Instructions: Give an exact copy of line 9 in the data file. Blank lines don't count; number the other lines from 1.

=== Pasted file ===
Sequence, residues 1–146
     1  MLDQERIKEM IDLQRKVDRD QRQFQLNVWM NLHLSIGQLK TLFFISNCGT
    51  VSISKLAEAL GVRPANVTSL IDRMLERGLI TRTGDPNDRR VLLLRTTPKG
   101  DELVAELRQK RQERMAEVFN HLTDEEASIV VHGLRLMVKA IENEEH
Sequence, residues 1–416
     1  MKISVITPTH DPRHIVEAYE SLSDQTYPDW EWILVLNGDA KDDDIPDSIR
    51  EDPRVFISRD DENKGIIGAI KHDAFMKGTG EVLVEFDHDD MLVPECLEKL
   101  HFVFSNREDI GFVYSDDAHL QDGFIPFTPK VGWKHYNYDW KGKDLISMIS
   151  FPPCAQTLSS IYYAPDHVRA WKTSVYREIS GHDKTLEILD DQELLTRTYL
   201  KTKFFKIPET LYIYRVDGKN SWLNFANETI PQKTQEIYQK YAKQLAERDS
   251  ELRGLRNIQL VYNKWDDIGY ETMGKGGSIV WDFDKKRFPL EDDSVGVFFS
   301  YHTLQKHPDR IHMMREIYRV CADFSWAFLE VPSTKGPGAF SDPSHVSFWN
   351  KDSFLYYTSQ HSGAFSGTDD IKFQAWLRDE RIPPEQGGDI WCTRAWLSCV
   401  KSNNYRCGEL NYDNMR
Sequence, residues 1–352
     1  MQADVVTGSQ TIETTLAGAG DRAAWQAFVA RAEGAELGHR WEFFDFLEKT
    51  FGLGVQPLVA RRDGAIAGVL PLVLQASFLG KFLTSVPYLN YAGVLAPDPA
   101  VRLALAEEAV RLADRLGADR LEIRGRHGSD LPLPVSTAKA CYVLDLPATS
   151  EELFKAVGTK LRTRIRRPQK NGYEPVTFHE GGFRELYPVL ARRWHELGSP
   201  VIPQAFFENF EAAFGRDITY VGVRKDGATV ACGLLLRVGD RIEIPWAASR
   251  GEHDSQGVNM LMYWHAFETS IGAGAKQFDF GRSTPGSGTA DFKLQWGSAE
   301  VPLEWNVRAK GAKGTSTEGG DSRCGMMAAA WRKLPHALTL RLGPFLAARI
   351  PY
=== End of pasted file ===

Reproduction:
   151  FPPCAQTLSS IYYAPDHVRA WKTSVYREIS GHDKTLEILD DQELLTRTYL